Bill Conti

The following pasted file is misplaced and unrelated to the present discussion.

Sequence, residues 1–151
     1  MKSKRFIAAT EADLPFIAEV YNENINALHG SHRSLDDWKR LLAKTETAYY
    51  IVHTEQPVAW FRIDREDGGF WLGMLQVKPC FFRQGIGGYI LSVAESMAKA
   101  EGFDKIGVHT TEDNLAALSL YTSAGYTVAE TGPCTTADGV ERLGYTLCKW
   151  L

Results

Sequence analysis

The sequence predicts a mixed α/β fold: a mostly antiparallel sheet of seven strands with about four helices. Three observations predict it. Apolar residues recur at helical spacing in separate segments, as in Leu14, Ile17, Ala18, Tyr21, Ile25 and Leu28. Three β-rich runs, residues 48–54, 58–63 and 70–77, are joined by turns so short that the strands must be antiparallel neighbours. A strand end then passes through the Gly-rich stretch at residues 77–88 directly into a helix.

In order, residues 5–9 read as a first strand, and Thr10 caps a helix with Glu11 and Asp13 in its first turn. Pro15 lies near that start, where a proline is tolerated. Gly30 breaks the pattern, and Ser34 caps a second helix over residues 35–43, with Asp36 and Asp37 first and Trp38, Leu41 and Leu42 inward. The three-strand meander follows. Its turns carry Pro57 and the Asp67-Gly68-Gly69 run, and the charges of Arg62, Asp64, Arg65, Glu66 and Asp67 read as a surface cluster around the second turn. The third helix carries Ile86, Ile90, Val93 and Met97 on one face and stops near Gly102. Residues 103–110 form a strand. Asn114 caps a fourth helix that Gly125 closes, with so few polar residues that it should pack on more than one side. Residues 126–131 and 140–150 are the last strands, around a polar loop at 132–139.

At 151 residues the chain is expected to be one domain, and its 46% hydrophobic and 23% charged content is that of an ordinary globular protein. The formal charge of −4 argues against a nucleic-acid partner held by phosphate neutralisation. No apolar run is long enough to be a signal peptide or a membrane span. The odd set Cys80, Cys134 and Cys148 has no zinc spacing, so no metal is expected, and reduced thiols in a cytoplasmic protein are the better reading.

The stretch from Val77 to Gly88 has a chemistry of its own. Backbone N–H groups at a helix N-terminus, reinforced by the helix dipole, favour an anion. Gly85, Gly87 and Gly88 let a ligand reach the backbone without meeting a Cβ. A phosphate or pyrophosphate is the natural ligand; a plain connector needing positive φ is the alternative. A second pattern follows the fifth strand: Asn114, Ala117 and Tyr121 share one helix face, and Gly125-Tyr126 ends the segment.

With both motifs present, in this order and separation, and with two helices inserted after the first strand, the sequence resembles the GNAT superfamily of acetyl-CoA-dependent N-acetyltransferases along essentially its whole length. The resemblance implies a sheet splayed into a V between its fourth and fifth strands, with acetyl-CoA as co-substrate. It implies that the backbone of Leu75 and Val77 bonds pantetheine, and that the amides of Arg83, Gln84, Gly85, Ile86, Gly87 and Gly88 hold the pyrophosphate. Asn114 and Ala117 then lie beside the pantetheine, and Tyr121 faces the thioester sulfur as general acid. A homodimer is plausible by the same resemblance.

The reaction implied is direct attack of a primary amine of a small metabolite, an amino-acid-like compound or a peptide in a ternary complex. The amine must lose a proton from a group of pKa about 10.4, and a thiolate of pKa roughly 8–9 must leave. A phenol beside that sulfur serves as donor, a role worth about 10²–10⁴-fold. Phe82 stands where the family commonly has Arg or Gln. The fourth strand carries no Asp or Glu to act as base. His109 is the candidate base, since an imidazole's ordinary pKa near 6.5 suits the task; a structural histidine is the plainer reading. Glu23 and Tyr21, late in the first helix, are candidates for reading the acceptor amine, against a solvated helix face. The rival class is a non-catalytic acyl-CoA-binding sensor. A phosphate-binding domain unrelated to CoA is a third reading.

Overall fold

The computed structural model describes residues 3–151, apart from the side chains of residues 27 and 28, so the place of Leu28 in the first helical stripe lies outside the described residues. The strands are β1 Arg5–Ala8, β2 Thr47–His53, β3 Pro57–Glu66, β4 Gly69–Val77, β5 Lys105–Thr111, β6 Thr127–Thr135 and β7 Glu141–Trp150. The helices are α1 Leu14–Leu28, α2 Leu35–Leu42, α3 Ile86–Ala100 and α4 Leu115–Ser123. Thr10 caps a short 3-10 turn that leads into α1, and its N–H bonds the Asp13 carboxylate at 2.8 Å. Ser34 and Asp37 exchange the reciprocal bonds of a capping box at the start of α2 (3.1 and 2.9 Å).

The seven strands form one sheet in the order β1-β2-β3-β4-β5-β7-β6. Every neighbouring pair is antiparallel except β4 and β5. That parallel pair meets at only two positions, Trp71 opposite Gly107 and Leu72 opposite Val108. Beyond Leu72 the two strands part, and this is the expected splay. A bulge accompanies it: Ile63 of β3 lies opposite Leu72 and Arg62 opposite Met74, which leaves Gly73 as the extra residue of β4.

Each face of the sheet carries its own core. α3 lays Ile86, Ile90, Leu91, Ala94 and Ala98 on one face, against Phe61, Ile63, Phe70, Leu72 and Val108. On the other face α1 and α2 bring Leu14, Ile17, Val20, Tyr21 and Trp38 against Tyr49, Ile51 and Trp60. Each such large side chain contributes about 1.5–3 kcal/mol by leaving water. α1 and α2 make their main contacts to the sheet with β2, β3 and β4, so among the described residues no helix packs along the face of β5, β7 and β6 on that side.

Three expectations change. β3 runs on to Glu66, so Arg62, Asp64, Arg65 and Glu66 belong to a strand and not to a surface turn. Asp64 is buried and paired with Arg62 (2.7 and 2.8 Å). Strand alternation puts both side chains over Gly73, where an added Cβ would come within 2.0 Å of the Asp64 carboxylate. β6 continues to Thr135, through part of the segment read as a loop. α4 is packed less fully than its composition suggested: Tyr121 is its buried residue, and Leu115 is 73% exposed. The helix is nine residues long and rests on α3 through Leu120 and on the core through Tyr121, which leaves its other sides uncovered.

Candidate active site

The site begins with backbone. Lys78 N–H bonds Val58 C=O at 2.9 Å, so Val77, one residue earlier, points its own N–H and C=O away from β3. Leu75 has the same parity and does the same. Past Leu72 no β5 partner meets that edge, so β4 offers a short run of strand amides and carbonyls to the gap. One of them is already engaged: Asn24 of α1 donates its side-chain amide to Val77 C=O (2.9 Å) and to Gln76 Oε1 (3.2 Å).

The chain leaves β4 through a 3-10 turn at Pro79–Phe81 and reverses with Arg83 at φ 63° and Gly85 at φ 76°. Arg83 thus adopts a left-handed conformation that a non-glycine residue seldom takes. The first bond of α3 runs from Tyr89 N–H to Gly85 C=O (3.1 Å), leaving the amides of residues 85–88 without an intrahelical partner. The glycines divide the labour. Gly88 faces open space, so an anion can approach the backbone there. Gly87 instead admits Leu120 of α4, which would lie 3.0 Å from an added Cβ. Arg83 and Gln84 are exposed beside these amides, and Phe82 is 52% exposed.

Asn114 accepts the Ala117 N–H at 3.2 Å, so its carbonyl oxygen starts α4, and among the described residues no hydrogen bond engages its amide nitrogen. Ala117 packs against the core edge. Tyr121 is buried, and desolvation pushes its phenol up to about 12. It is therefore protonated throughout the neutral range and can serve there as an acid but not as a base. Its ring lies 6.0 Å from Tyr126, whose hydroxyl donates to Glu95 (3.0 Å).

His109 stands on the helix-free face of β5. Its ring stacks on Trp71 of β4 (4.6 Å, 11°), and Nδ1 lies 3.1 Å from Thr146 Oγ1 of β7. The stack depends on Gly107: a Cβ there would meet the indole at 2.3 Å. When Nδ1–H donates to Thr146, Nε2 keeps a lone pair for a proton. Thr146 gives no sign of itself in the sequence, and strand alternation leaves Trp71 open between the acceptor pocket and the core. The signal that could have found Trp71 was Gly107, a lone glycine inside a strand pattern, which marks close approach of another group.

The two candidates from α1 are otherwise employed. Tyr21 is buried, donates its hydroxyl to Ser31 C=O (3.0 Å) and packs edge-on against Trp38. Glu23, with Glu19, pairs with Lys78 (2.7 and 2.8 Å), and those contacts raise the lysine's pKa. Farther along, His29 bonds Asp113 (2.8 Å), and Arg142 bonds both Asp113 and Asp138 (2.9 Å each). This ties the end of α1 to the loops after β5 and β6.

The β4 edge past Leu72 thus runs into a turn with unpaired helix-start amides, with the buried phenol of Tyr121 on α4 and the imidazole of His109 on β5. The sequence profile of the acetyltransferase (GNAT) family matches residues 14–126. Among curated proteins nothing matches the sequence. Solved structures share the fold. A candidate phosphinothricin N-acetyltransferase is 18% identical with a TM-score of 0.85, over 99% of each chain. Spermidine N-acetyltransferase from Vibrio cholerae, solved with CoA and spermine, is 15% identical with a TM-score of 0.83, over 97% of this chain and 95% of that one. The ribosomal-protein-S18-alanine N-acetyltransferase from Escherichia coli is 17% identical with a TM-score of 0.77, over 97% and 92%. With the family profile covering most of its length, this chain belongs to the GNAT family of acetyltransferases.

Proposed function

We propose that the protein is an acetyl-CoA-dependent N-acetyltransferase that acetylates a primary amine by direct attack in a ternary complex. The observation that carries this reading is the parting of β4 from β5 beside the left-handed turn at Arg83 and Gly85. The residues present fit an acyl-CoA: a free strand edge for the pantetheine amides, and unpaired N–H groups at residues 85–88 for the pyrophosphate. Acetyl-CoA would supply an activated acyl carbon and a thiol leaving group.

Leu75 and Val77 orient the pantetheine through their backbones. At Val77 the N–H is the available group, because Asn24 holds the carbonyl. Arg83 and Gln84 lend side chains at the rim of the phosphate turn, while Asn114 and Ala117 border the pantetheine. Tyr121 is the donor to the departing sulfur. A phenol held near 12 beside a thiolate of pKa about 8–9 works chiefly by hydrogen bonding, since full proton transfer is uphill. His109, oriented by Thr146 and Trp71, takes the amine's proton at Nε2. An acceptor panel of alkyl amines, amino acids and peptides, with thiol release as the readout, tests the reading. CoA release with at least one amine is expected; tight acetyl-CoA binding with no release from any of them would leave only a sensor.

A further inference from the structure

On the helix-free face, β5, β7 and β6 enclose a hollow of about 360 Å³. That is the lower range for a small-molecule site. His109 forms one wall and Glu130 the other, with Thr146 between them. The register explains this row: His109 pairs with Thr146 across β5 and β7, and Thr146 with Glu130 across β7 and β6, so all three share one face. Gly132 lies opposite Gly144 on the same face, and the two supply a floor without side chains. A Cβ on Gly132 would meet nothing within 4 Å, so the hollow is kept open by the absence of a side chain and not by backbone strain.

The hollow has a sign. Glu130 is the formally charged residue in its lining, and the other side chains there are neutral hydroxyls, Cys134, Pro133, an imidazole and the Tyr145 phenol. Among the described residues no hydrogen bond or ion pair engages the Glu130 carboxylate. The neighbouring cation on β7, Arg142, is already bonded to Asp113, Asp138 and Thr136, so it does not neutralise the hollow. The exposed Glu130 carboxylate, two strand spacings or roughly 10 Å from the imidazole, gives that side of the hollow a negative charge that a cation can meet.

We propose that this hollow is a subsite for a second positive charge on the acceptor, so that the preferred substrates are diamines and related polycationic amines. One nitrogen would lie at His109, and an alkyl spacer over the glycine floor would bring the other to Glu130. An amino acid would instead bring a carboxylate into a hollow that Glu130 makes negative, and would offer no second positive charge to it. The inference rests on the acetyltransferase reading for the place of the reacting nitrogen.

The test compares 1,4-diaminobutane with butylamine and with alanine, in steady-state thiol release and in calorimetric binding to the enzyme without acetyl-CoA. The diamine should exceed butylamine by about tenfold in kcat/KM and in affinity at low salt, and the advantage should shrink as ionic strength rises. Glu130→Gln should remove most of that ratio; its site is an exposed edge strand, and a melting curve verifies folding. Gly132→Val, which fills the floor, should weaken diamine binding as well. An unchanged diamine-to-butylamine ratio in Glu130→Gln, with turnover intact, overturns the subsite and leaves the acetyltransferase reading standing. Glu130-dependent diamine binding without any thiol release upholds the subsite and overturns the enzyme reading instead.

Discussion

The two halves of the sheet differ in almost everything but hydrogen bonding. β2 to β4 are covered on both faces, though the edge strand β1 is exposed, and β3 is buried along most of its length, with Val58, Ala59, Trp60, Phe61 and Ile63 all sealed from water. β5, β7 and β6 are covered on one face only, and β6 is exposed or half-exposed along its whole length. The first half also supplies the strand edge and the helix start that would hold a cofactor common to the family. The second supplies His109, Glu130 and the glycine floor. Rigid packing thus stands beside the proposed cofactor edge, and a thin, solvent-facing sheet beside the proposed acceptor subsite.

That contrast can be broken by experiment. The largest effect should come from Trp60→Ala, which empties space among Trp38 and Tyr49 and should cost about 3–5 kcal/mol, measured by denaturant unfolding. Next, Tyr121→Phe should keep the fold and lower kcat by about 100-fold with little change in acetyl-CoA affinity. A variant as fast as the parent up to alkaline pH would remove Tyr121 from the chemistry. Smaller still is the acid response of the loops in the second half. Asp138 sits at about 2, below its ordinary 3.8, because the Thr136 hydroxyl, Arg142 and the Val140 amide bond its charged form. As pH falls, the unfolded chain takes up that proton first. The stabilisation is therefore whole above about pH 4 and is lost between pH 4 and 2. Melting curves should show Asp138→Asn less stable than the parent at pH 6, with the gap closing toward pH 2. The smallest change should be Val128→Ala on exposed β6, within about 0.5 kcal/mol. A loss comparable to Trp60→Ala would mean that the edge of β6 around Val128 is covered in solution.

Oscar and three-time Emmy Award-winner Bill Conti is one of Hollywood’s most sought-after composers and conductors for both film and television. Born in Providence, Rhode Island on April 13, 1942. Conti began studying piano at age seven under the tutelage of his father, an accomplished pianist, sculptor and painter. He moved to Miami, Florida in 1960’s with family while a teenager. Here he organized a band and began to play for high school dances in Miami, Florida at the age of 15. He was a member of his high school band and symphony orchestra and won the Silver Knight Award from the Miami Herald for high achievement in the field of music. Conti received a bassoon scholarship from Louisiana State University where he majored in composition and played jazz piano at many of the local night spots to help defray the costs of his education. While attending LSU, he held a variety of musical posts including first chair bassoon in the school symphony orchestra, the staff arranger for the University’s marching band and accompanist for the LSU Ballet Corps. It was in this capacity that he met his wife, Shelby, who was a member of the Ballet Corps and a soloist with the Modern Dance Group. After Conti received his Bachelor of Music degree from LSU, he auditioned and was accepted at the Juilliard School of Music in New York where he studied with such musical greats as Hugo Weisgall, Vincent Persichetti, Roger Sessions, Luciano Berio a Jorge Mester. In 1965 Conti won the Marion Feschl Prize for having composed the best song of the year. In 1967 he moved to Rome, Italy to study opera composition scored first film Candidate for a Killing. He made his film music debut in 1969 on the British film Juliette De Sade , directed by Warren Kiefer, but did not become internationally recognised until the mid-1970’s. In 1971 Conti met Paul Mazursky at the Venice Film Festival. He was plucked from obscurity to act as musical director for Paul Mazursky’s 1973 film Blume in Love. He returned to the USA and wrote the score for Mazursky’s Harry a Tonto in 1974. Conti was a popular and successful Hollywood mainstay, achieving world-wide fame for his legendary songs Gonna Fly Now from “Rocky” (1977) and All Time High from “For Your Eyes Only” (1984). During the 1970’s and 1980’s he composed mostly of his scores, his most popular and successful works include Harry and Tonto (1974), Rocky II. (1979), Private Benjamin (1980), For Your Eyes Only (1981), Rocky III. (1982), The Right Stuff (1983), The Karate Kid (1984), North and South (1985), The Karate Kid Part II. (1986), FX: Murder by Illusion (1986), Broadcast News (1987) a Masters of the Universe (1987). He was awarded an Oscar in 1984 for his score for the classic astronaut movie The Right Stuff. Conti’s work isn’t only scores for movies, but it consists of music for TV movie and TV series too. The beginning of his production for TV was theme to the CBS’s TV series Executive Suite. In 1981 he composed theme to ABC’s TV series Dynasty and in 1985 he composed score to TV miniseries North and South, which is from his work for TV the most familiar. Although the public may not be aware of it, Bill Conti has composed some of the most recognizable themes for television broadcasts, including those for the 1984 “Good Morning America”, “Turning Point”, “World News Tonight”, “Prime Time Live”, “Nightline”, “ABC Sports”, “Inside Edition” and “American Gladiators”. He has also composed music for numerous television commercials advertising products for “Honda”, “Pizza Hut”, “Sprite” a “Coca Cola”. During the 1983-84 television season, Bill Conti set an all-time industry record for having composed the themes for five television series playing concurrently in prime time. However, he broke his own record in 1986-87 when that number increased to nine: “Dynasty”, “Falcon Crest”, “Cagney & Lacey”, “Lifestyles of the Rich and Famous”, “OHara”, “The Colby’s”, “Our World”, “Business Week” and “Mariah”. Conti’s work for the small screen has been equally as critically acclaimed, receiving a total of ten Emmy nominations throughout his career. He won two Emmy Awards in 1990 for developing the creative concept and composing the score for the running of the New York City Marathon, which was telecast by ABC. Conti conducted the Juilliard Symphony Orchestra during the course of the marathon live from Lincoln Center – a first in television sports coverage. He won his third Emmy in 1992 for his musical direction during the telecast of the Academy Award Ceremonies, marking the first time an Emmy was awarded for a participant in the Oscar ceremonies and if we talk about the Academy Awards, its to the fore suggest, that Conti during the 1990-1995 and consequently in 1998 served as musical director for the annual telecasts of the Academy Awards. In 1991 became Conti principal Pops conductor of the Nashville Symphony Orchestra. From 1990’s worth mentioning the score from IMAX movies Grand Canyon: The Hidden Secrets (1991) and Yellowstone (1994), as the score from movie Year of the Gun (1991), The Adventures of Huck Finn (1993) and The Thoma Crown Affair (1999). In 1995 the American Society of Composers, Authors and Publishers (ASCAP) awarded Conti the Golden Soundtrack Award for lifetime achievement in film and television. Lately he composed music rather to TV movie and although his time of greatest glory are gone, I think, that he has still propose to us.

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